The National Democratic Congress General Secretary, Johnson Asiedu Nketia, was chided for not giving direct answers during his cross-examination in the election petition hearing.
“Answer the questions. At times, you try to be a bit sarcastic. That is not done in the courtroom. You don’t do this in cross-examination,” the Chief Justice, Kwasi Anin-Yeboah said to the Mr. Asiedu Nketia during the cross-examination on Monday, February 1, 2021.
At the point of the rebuke, the NDC General Secretary was being asked if he had contrary evidence on the total number of valid votes that President Akufo-Addo had during the elections.
The NDC scribe responded by saying “those figures were not available.”
President Akufo-Addo’s lead lawyer retorted by asking why the petition was challenging the election results “without any evidence of what the actual results were.”
Mr. Asiedu Nketia proceeded to begin an analogy suggesting the declared results did not add up when he was cut off by the judges and cautioned to stop beating about the bush.
“If I know that two plus two is four, and I am presented with results that say two plus two is six, I will challenge it,” the NDC General Secretary had said.
In response to the caution, Asiedu Nketia got the court laughing with a joke saying: “The palm wine tappers are trying to catch up with court procedures.”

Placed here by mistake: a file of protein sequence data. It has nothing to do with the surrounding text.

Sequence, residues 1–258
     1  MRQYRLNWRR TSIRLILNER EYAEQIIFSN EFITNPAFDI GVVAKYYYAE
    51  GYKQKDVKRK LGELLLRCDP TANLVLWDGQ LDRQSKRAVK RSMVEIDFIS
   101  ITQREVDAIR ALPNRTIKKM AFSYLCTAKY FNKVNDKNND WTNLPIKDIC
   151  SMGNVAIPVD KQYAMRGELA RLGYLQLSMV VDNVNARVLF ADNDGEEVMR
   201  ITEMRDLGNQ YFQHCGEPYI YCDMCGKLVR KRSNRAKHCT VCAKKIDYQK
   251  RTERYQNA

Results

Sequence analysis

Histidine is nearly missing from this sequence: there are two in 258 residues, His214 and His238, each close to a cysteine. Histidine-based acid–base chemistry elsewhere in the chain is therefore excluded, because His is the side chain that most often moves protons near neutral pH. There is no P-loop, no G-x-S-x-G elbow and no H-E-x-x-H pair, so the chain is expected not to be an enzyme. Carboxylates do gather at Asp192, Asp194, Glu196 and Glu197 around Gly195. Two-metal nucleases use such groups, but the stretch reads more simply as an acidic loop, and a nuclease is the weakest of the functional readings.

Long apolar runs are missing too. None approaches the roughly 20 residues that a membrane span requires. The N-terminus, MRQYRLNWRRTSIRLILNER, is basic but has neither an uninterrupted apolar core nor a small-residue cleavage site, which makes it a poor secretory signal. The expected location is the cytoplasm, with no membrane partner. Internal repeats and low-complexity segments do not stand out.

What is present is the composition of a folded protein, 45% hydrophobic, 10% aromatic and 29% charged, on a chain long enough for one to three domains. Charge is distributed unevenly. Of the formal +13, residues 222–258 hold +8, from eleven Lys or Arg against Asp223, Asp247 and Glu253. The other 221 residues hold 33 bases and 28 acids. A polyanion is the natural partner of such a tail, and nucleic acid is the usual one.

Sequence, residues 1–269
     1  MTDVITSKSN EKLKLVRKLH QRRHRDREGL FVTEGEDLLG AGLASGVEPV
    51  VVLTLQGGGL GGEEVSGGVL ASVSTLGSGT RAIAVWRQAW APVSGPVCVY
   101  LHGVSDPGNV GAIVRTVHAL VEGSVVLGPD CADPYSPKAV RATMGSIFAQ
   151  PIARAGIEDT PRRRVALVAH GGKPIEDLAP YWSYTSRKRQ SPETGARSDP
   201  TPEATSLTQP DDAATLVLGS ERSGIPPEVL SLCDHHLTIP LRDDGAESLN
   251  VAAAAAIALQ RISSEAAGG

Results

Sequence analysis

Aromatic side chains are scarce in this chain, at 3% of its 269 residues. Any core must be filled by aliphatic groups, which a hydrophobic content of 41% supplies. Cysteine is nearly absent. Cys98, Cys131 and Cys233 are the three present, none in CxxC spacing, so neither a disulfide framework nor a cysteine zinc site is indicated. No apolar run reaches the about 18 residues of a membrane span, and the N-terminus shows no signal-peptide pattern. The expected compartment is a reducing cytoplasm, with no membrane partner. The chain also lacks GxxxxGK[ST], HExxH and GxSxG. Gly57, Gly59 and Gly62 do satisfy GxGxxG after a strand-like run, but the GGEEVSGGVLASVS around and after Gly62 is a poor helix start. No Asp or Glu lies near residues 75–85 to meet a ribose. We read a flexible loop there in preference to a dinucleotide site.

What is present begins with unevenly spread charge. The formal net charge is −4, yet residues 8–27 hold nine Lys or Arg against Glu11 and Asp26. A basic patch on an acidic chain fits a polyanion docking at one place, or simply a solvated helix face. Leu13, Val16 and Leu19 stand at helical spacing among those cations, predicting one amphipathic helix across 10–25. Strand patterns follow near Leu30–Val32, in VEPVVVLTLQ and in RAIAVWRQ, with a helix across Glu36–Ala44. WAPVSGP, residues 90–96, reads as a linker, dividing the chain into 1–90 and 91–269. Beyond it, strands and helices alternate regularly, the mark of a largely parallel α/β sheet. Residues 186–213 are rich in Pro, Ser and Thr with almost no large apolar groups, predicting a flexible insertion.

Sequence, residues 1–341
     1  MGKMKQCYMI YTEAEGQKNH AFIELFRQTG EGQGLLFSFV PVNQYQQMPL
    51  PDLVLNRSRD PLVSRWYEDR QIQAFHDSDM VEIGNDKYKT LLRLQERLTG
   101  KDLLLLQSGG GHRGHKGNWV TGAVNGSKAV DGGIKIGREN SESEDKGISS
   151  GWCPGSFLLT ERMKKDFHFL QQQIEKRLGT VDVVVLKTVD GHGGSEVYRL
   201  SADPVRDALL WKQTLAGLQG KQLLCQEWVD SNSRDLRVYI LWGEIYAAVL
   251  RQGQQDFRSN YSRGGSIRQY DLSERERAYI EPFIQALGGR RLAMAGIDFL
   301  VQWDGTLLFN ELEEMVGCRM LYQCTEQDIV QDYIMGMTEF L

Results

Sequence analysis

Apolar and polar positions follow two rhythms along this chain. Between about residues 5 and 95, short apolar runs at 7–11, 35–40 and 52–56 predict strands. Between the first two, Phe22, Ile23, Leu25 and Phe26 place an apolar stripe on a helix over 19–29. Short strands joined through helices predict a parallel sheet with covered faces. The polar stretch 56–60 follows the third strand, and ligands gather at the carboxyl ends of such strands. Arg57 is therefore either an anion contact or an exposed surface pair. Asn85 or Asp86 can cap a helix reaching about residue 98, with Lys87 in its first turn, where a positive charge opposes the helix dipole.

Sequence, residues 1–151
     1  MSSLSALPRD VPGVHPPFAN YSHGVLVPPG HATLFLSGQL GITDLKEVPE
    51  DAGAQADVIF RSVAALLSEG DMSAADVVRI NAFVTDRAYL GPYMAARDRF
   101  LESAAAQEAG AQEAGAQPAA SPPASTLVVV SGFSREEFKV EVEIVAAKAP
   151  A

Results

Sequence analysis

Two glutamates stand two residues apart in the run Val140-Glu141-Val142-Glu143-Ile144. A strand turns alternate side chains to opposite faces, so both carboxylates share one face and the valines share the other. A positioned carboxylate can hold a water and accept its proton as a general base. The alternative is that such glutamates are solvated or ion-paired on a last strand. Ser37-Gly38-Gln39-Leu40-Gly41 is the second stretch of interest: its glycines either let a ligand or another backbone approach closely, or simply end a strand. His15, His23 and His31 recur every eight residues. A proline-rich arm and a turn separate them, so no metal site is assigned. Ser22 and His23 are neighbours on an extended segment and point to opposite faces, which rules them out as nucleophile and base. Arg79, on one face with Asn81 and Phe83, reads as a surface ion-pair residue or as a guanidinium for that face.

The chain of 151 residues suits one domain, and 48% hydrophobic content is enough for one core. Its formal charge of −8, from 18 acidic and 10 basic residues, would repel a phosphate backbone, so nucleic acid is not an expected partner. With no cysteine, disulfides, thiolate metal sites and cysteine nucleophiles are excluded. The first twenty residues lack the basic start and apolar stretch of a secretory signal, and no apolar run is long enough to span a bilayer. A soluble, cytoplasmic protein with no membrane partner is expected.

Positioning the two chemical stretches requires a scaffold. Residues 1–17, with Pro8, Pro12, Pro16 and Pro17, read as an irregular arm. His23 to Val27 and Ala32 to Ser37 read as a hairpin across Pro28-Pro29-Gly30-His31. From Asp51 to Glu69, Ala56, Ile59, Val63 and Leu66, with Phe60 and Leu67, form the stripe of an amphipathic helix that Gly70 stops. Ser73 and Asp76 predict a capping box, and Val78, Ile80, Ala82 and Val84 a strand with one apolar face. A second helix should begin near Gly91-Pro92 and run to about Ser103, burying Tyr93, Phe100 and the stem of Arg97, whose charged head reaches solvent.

At the end of the cross-examination, Mr. Mahama’s legal team expressed satisfaction with Mr. Asiedu Nketia’s performance.
“We are happy with the testimonies given by our General Secretary. In fact, nothing that he has said undermines our case. Indeed, everything he said goes to the point that we are entitled to the declarations we are seeking,” a spokesperson of Mahama’s legal team, Marietta Brew Appiah-Oppong, said.
On the other hand, President Akufo-Addo’s team said the NDC General Secretary’s cross-examination only exposed flaws in Mr. Mahama’s petition.
One of the President’s spokespersons in the case, Kojo Oppong Nkrumah said: “You would notice that counsel on our side spent a lot of time exposing the inconsistencies and sometimes the outright falsehoods that have been put out by the petitioner and the witness who was in the witness box”.